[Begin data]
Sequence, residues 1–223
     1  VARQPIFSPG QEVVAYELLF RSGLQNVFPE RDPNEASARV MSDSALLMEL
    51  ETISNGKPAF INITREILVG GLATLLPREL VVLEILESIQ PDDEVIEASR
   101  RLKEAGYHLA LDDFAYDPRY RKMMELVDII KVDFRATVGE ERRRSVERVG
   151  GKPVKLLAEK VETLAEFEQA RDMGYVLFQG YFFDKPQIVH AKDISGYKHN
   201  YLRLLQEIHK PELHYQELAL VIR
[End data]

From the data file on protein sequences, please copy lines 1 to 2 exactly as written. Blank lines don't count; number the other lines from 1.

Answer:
Sequence, residues 1–223
     1  VARQPIFSPG QEVVAYELLF RSGLQNVFPE RDPNEASARV MSDSALLMEL